Enhancing Maintenance for Workhorse Gas Plants


Enhancing Maintenance for Workhorse Gas Plants
Guidelines, Databases, and Templates to
Enhance Maintenance for Workhorse Gas
With falling gas prices and tougher emission regulations for coalfired plants, utilities are increasingly turning to natural gas–fired
plants to generate electricity. Gas turbine combined-cycle (GTCC)
plants—formerly important for peaking duty—now often operate
at capacity factors above 60%, essentially becoming baseload
generation. Such changes in dispatch can have unexpected effects
on maintenance planning. And while the maintenance data are
robust for long-running nuclear and coal plant assets, much of the
industry’s GTCC fleet is too new to provide good information on
such occurrences as component failures—information essential to
effective preventive maintenance strategies.
EPRI has assembled an R&D collaborative to develop a comprehensive maintenance basis for critical assets in combined-cycle
plants. Plant operation can use maintenance basis for determining
important generation components and identifying the most effective tasks to address reliability and cycling operation challenges. A
comprehensive maintenance basis ensures that overhauls are
scheduled effectively and that unanticipated breakdowns do not
A Need for Better Data
Bill Morrison, vice president of generation engineering for the
Tennessee Valley Authority (TVA)—one of the collaborating
companies—described the challenge: “We realized that our gas
plants were starting to run considerably more than our annual
projections, and we recognized that the plants were not designed
to run the way that they were being run. Most of our plants were
built to be peaking, and we knew the maintenance and predictive maintenance programs were not in place that would allow us
to support that level of sustained operational reliability.”
Paulo Jorge Domingues dos Santos, subdirector servicios
técnicos for the Spanish utility Endesa Generación, S.A., cited a
more specific reason for participation. “My team was performing
an analysis for our insurance policies, and we didn’t have much
pertinent reliability information. We needed to calculate if it
would be worth it to invest more money in capital spares or
[whether we should] keep the existing insurance policies in place
and repair or replace equipment when the events happened. In
order to do that, we needed to calculate reliability rates to fulfill
our information requirements.”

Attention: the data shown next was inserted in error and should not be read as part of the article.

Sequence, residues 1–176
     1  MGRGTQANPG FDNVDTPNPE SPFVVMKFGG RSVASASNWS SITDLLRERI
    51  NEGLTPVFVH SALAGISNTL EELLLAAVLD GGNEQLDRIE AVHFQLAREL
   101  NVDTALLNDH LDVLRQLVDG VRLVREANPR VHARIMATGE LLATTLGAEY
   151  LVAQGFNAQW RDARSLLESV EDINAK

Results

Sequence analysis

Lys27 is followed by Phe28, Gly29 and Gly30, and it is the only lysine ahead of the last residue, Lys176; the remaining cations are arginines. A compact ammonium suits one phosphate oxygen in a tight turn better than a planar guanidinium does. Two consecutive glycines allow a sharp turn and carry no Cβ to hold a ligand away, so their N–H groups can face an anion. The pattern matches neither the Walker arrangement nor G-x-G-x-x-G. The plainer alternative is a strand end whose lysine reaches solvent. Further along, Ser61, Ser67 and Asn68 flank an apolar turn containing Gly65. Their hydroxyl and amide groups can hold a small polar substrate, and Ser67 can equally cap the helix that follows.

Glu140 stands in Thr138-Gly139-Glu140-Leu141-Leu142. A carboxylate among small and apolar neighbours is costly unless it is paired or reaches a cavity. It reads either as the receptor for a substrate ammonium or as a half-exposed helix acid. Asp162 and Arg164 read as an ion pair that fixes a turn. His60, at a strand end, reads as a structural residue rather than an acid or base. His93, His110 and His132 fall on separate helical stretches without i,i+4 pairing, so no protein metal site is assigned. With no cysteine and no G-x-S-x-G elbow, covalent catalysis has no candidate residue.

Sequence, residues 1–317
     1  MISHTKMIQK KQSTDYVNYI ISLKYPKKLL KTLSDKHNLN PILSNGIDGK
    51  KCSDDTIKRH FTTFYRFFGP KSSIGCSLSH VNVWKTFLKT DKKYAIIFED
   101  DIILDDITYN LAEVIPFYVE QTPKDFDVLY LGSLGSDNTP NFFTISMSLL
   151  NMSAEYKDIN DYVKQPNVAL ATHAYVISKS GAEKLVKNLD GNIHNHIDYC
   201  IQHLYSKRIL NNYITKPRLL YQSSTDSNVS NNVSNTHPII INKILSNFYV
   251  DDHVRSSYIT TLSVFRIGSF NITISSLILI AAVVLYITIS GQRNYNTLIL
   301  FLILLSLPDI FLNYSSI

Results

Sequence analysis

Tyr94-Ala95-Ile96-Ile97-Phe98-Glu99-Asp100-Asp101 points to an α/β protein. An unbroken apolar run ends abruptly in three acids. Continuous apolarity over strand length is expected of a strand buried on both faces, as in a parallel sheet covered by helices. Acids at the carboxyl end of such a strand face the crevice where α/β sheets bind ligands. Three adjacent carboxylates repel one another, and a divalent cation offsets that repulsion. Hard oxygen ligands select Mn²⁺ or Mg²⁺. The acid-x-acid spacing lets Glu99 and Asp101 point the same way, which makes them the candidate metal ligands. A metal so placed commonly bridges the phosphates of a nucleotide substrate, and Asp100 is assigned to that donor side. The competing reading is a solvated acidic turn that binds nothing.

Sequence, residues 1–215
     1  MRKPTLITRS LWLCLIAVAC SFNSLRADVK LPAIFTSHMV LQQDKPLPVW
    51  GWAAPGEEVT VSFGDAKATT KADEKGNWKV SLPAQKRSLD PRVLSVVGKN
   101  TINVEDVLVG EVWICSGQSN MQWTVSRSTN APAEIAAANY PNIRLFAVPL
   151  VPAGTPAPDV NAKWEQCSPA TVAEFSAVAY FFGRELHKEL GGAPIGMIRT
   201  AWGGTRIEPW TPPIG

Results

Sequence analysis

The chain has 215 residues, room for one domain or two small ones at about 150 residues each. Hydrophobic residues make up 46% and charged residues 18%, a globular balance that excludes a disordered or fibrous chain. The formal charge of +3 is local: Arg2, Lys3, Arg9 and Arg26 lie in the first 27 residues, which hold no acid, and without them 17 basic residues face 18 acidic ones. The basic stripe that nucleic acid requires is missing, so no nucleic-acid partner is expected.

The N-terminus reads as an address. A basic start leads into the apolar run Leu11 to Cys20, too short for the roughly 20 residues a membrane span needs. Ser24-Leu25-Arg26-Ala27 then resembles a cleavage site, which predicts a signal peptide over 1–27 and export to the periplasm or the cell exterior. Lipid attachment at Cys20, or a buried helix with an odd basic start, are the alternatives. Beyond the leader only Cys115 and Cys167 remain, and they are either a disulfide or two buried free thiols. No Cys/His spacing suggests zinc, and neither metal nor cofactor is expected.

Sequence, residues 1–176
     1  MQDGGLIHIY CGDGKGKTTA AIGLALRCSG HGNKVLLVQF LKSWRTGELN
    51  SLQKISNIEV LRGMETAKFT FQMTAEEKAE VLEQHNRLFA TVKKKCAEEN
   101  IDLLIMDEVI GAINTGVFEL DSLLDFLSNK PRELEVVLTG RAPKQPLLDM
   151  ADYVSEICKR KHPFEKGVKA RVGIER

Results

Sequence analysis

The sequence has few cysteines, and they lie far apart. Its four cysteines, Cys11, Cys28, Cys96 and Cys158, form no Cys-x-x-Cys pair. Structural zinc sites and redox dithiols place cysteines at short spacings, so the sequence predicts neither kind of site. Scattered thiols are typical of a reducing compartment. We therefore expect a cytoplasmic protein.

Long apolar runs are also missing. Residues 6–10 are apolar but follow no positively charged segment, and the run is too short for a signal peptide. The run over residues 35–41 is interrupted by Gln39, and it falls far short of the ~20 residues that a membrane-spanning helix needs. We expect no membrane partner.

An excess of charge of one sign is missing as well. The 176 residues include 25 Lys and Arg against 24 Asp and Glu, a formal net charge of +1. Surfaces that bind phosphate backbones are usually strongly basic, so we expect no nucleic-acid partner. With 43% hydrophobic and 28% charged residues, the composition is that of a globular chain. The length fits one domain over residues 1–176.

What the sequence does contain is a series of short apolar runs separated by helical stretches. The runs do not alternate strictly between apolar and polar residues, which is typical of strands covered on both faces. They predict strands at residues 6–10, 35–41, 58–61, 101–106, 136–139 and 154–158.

Developing Unit-Specific Plant Maintenance Bases
EPRI, project participants, and equipment experts will identify
components—especially high-cost capital components—that are
important to long-term GTCC reliability; existing failure modes
will be analyzed to determine the most effective avoidance strategies, with a focus on condition-based maintenance—a proven,
lowest-cost approach to avoiding failure.
Users will be able to develop a plant maintenance basis reflecting the operational plan for a particular station, instead of a
general maintenance strategy that could lead to unnecessary
overhauls of equipment with only limited wear. The component
maintenance guidelines and associated maintenance basis templates developed by this project will enable a more flexible
approach to the selection of equipment monitoring and maintenance resources for critical components.
Project participants will be able choose from a variety of maintenance resources and strategies identified by the templates,
using a risk evaluation associated with each task. The project will
upgrade EPRI’s Preventive Maintenance Basis Database failure
tables—originally compiled for coal generation assets—adding
specific GTCC data and creating a more complete tool for the
industry. “I can tell you that implementing the proper set of
maintenance processes on the coal side of the house has given us
$10 million–$20 million worth of value annually,” said Morrison, “and I expect our gas fleet will see the same type of benefits.”
Domingues dos Santos expects the expanded failure tables to
have far-reaching value internationally. “Right now, data on
GTCC maintenance and breakdowns is not well compiled, and
it’s hard to extract conclusions. I have no doubt this information
will be valuable to a lot of companies globally. They also have a
lot of knowledge they could share, and we all could benefit from
their involvement.”
For more information, contact Justin Thibault,
[email protected], 704.595.2602.

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